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2014 Mets Season Preview: Curtis Granderson

Can Curtis Granderson win his fight against the aging curve?

Al Bello

The prize jewel of the Mets' offseason, Curtis Granderson has been viewed by many as a good left-handed complement to David Wright. The level of Granderson's impact on the Mets depends on whether or not 2013—an injury-shortened season in which he hit just .229/.317/.407 (97 wRC+)—is the norm for him going forward. Granderson is a career .261/.340/.488 (118 wRC+) hitter, and in 2011 and 2012, he hit 84 homers combined for the Yankees. At age 33, though, he's entering the phase where hitters can decline rapidly. In fact, the most comparable batter for Granderson is, according to Baseball-Reference, Jason Bay.

As Eno Sarris pointed out back in December, the Bay comparison may not be entirely accurate. Granderson has been a better defender than Bay throughout his career, and while his defense has declined, the move to a corner outfield spot will help. Granderson will also be a better baserunner, as he's been a net asset on the bases every year of his career. Of course, Granderson may not be the next Bay is simply the fact that what happened to Bay is unprecedented. From 2004 to 2009, Bay hit .280/.375/.519 (130 wRC+) with a .240 ISO in 3,790 plate appearances. In his three seasons with the Mets, Bay hit .234/.318/.369 (91 wRC+) with a .135 ISO in 1,125 plate appearances. Bay didn't "decline" so much as he collapsed. Expecting any hitter to fall apart like that is probably unreasonable, including Granderson.

Still, it's not hard to be pessimistic about Granderson. His strikeout rate has risen from 19.9 percent in 2009 to 28.4 percent over the last two seasons. Granderson's contact rate was a career-worst in 2013, at 69.5 percent, and his .178 ISO was his lowest since 2006. These would all signal that Granderson is well into his decline phase. Those numbers don't tell the whole story, though.

While his contact rate dipped, Granderson's batted ball profile was not too dissimilar from previous seasons. Granderson suffered a broken arm due to a hit-by-pitch in spring training and didn't even make his season debut until May 14. He played in just eight games before being hit by a pitch on his hand, breaking a bone. He wouldn't return until August 2. August would prove to be a good month for Granderson, as he hit .278/.398/.444 with a strong 27/18 strikeout to walk ratio.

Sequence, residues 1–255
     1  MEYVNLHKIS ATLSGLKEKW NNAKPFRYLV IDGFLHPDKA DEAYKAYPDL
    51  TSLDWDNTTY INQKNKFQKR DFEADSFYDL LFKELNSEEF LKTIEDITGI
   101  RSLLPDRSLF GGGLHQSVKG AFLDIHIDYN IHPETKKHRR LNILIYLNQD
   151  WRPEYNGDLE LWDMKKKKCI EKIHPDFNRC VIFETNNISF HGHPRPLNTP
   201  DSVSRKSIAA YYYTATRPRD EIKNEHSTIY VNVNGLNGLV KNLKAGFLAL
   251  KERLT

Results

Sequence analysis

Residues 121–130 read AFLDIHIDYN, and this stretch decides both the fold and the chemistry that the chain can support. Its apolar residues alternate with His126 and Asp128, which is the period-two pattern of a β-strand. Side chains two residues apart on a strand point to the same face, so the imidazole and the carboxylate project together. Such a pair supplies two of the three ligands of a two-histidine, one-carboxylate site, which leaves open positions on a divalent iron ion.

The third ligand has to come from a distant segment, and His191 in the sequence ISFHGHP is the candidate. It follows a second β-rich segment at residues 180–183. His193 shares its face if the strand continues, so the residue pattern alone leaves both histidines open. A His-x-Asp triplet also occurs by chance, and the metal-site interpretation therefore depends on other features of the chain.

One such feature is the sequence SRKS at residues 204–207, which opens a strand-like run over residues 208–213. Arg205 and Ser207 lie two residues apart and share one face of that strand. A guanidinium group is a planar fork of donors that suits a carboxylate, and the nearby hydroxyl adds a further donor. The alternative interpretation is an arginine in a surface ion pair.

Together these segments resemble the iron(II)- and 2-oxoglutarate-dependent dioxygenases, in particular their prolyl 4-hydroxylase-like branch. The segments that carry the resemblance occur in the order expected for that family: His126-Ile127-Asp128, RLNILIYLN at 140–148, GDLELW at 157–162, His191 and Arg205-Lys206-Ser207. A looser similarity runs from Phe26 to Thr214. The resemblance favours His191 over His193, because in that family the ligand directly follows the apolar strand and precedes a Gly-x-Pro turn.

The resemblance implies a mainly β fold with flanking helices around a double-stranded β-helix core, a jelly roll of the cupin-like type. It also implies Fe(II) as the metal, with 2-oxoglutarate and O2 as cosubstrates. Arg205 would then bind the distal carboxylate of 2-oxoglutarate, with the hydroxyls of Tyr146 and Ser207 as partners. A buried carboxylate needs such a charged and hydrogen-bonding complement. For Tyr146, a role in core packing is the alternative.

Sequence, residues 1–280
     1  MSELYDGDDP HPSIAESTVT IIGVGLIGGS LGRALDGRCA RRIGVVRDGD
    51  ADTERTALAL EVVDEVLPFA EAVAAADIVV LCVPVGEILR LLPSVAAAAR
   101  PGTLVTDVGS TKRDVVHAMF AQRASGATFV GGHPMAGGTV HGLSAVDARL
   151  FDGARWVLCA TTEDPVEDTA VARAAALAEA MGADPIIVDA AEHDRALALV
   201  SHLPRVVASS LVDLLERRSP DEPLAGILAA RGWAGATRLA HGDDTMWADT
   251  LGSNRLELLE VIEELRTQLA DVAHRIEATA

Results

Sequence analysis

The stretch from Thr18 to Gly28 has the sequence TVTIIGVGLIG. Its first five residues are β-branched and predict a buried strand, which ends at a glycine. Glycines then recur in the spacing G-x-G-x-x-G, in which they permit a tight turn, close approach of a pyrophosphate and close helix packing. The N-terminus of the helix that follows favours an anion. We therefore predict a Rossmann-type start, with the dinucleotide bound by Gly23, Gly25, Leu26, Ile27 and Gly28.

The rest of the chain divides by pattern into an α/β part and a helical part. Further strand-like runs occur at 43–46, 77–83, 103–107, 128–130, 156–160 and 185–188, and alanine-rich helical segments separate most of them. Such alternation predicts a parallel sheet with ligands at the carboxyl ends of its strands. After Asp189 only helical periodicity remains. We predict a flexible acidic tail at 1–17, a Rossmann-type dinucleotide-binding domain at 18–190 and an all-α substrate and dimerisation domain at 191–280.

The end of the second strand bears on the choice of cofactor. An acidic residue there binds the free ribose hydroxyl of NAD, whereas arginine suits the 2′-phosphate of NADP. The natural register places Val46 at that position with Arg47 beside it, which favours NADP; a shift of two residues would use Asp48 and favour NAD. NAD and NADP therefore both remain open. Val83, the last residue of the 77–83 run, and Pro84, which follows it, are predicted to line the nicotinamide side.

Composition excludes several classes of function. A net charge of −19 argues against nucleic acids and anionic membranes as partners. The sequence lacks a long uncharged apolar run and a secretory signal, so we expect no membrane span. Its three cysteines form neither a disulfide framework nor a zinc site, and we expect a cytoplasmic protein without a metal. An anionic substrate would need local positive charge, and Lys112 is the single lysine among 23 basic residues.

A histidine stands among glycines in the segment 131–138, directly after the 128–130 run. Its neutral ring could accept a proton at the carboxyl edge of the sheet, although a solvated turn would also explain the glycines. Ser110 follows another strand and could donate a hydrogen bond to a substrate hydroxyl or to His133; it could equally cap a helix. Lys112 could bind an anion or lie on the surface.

For whatever reason, Granderson collapsed in September, hitting .177/.233/.375 with a 36/7 strikeout to walk ratio. It's hard to point out everything that went wrong for Granderson in September, but the biggest issue would appear to be a decline in his ability to make contact. According to, Granderson's whiff rate and foul ball rate against four-seamers, two-seamers, changeups, sliders, and curveballs all rose significantly from August to September. While this could be a sign of something moving forward, a more plausible explanation would be residual effects from the two injuries, especially given his August.

Projecting what Granderson will do in 2014 is difficult given his limited 2013. Neither Steamer nor Oliver have favorable projections for Granderson; the former projects Granderson to hit .228/.320/.429 with 24 homers, while the latter predicts .220/.306/.390 with 19 homers. Even if Granderson has recovered from his injuries, he's still unlikely to rebound to his peak numbers as a Yankee.

A move to a park that suppresses homers quite a bit more than New Yankee Stadium will hurt Granderson's production. He was never just a product of Yankee Stadium, though. While his home numbers in his three full seasons as a Yankee (.254/.342/.540, 133 wRC+) were gaudier, his road numbers were more than respectable (.240/.332/.475, 118 wRC+). Lefties will probably not be as big of a concern as his career 86 wRC+ against them indicates, as he hit .241/.316/.476 against them from 2010 to 2012.

Going forward, Granderson's biggest key will be whether or not he's willing to adjust his swing. While a flyball heavy approach worked in the Bronx, it has come at the expense of his ability to make consistent contact. A less aggressive approach by Granderson will mean less poor pitches chased out of the zone, while likely increasing the number of favorable pitches he sees inside the strike zone, which has dwindled the last few seasons. It may not be enough to compensate for a drop in bat speed, but it can't hurt.

Granderson's 2014 will almost certainly fall short of Marlon Byrd's 2013, but will be more than respectable, a very good season, but not a superstar season.